First, to prove that an agreement existed between Ms. Gil and her co-conspirators, the government must prove that Ms. Gil had knowledge of the intent to distribute cocaine. See id. The government presented evidence indicating that Ms. Gil was present when the cocaine was brought into her home and that due to the size and layout of the house it would have been impossible for Ms. Gil to leave the house without knowledge that the cocaine was being tested in the kitchen. Additionally, the government presented evidence that Ms. Gil's arms, fingers, and nail beds werecontaminated with Clue Spray, a substance used to coat the bag of cocaine that is only visible under ultraviolet light. While it would have been possible for Ms. Gil to become contaminated secondarily from touching her husband, who directly touched the bag of cocaine, the jury could have properly found that Ms. Gil became contaminated directly from touching the bag itself. Therefore, the Government presented sufficient evidence of Ms. Gil's knowledge of the cocaine so that the jury could properly conclude that Ms. Gil was aware that her co-conspirators intended to distribute cocaine.

In addition to knowledge of the intent to distribute the cocaine, a conspiracy conviction requires that Ms. Gil actively participated in furthering the plan. See id. The Government proffered, and the jury accepted, the inference that Ms. Gil participated in furthering the conspiracy to distribute the cocaine by removing a bag of money from the house before the cocaine buyers arrived. Ms. Gil left the house shortly after the cocaine arrived with a bag filled with $12,500 in cash, wrapped in rubber bands. The Government surmised in closing argument that Ms. Gil "played an intricate part in this conspiracy, not a big part. She didn't go out and get the cocaine and bring it back. She didn't distribute it, but she moved money out of that house to prepare the house for the transaction." Although Ms. Gil's participation in the conspiracy may have been slight by comparison to the actions of her co-conspirators, her participation was sufficient enough for a reasonable jury to find her guilty of conspiracy, as the jury did in this case. Therefore, we hold that a reasonably jury could and did find Ms. Gil guilty of conspiracy to possess cocaine with intent to distribute, in violation of 21 U.S.C. 846.

We review the district court's denial of Ms. Gil's motion to suppress under a mixed standard of review. We review the district court's findings of fact under the clearly erroneous standard and the district court's application of law to those facts de novo. See United States v. Blackman, 66 F.3d 1572, 1577 (11th Cir. 1995). In this appeal, Ms. Gil argues that she was arrested without probable cause when she was handcuffed in the back of a police car and that the fruits of that "arrest" should be suppressed. The district court denied her motion to suppress based upon a finding that the Government had reasonable suspicion to stop Ms. Gil's car under Terry v. Ohio, 392 U.S. 1, 88 S. Ct. 1868, 20 L. Ed. 2d 889 (1968)1  and that her detention did not ripen into a full arrest until after Ms. Gil's house was searched and the agents obtained probable cause. After reviewing the circumstances surrounding Ms. Gil's detention, we agree that Ms. Gil was appropriately detained for seventy-five minutes under Terry and not arrested until after the agents searched the house, at which time the agents had probable cause to arrest Ms. Gil.2  Therefore, we affirm the district court's denial of Ms. Gil's motion to suppress.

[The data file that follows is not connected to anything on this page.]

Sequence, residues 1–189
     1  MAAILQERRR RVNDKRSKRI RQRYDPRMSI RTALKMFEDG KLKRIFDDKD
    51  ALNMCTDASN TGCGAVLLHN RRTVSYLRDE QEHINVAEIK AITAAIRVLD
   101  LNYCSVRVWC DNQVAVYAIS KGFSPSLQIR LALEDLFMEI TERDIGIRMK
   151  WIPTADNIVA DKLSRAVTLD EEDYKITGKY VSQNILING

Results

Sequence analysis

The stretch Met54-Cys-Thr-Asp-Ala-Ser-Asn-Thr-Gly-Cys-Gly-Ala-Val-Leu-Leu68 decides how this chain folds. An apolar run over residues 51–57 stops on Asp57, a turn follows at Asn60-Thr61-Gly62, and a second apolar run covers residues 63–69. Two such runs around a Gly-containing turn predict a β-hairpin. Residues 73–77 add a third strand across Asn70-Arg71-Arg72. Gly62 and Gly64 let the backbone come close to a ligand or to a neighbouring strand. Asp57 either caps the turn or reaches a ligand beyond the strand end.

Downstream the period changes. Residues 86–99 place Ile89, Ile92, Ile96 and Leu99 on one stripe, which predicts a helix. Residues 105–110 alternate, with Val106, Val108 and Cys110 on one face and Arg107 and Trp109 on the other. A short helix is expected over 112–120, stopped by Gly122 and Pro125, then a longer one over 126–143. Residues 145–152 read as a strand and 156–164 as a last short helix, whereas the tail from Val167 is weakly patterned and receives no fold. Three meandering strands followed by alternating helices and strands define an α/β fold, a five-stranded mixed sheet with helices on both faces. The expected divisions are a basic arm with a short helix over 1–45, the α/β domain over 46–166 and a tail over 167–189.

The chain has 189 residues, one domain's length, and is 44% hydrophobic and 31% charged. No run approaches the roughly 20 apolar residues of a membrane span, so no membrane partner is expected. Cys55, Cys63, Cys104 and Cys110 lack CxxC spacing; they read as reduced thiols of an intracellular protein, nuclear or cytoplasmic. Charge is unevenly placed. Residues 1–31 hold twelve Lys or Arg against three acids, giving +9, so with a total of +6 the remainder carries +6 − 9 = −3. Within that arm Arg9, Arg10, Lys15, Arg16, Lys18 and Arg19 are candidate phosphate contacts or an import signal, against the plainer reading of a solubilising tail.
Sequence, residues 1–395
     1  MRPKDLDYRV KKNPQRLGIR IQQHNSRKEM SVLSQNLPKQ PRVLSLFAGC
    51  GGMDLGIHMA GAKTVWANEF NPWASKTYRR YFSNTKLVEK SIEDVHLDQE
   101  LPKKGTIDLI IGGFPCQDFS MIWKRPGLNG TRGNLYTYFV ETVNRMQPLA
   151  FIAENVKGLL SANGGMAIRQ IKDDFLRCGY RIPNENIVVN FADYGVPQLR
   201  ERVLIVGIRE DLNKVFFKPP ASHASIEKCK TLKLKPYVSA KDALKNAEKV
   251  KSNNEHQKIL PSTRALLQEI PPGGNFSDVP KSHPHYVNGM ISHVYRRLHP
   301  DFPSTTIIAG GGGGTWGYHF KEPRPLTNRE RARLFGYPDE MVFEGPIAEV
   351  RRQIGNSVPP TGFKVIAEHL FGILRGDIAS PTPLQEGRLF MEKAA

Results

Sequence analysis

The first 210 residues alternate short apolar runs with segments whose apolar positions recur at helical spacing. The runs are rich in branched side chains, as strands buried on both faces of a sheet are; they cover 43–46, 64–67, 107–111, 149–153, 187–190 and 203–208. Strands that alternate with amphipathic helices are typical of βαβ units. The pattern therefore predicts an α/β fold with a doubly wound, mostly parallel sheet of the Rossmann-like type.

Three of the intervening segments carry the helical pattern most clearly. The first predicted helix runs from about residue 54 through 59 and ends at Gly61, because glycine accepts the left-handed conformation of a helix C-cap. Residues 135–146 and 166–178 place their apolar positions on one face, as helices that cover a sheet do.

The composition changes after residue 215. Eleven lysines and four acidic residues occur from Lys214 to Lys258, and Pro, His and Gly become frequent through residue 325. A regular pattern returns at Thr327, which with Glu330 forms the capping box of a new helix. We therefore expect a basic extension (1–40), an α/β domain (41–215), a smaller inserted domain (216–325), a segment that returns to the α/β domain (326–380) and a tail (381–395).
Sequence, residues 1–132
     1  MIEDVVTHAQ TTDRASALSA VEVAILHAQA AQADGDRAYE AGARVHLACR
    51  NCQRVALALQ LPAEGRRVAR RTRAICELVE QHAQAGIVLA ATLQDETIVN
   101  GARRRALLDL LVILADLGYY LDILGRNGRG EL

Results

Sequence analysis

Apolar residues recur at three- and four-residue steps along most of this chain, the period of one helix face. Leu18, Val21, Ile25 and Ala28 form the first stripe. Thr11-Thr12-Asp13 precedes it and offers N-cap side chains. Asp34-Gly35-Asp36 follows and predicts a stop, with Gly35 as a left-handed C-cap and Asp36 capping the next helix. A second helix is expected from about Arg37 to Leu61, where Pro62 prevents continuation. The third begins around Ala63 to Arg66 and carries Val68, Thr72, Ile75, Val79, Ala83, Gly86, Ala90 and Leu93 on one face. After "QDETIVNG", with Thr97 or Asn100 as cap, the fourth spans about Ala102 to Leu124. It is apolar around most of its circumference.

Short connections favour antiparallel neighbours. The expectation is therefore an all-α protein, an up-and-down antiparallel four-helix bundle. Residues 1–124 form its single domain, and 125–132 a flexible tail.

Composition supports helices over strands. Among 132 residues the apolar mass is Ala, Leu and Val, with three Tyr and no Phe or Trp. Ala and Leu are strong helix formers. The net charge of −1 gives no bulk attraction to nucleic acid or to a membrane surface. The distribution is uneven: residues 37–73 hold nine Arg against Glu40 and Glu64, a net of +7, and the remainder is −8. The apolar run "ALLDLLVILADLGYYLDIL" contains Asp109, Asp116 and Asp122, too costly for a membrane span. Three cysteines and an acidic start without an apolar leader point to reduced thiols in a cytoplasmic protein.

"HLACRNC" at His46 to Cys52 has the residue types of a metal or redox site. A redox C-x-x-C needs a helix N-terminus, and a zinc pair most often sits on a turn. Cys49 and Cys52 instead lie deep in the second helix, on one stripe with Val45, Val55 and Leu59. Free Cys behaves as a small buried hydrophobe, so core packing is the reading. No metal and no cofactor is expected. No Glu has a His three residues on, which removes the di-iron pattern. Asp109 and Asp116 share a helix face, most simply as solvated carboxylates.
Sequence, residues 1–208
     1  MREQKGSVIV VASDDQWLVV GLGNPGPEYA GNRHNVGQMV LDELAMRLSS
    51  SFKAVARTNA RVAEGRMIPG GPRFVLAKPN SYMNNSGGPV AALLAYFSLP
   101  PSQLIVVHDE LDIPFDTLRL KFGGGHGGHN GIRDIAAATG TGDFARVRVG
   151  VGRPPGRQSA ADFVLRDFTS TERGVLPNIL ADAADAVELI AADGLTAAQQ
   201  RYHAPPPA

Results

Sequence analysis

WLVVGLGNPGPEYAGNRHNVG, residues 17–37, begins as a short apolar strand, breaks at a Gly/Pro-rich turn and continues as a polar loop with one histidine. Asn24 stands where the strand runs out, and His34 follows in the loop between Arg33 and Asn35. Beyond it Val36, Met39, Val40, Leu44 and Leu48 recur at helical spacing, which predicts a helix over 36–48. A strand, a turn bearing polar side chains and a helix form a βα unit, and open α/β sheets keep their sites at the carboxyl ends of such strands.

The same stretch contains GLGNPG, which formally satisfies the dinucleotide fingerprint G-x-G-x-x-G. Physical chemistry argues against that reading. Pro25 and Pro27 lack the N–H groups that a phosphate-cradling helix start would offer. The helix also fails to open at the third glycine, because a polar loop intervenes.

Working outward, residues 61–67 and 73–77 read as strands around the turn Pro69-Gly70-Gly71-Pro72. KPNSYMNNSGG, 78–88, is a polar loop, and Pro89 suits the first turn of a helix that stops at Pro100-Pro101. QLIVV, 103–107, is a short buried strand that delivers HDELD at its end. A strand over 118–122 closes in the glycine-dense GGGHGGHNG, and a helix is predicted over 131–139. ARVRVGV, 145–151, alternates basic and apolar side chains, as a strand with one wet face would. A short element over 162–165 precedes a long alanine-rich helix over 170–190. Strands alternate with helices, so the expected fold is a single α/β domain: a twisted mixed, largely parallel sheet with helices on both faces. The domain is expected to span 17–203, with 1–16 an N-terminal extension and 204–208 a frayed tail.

Ms. Gil does not challenge the propriety of her initial detention; her challenge is to the length and circumstances of her detention. Ms. Gil argues that because she was detained for approximately seventy-five minutes and placed in handcuffsin a police car, her detention exceeded that allowed by Terry and ripened into a full scale arrest. In evaluating the reasonableness of an investigatory stop, we must examine whether the stop "was reasonably related in scope to the circumstances which justified the interference in the first place." United States v. Sharpe, 470 U.S. 675, 685, 105 S. Ct. 1568, 84 L. Ed. 2d 605 (1985). We consider the "totality of the circumstances." United States v. Simmons, 172 F.3d 775, 778 (11th Cir. 1999). There are several issues relevant to this analysis, "including the law enforcement purposes served by the detention, the diligence with which the police pursue the investigation, the scope and intrusiveness of the detention, and the duration of the detention." United States v. Hardy, 855 F.2d 753, 759 (11th Cir. 1988) (citations omitted). We will consider each issue in turn.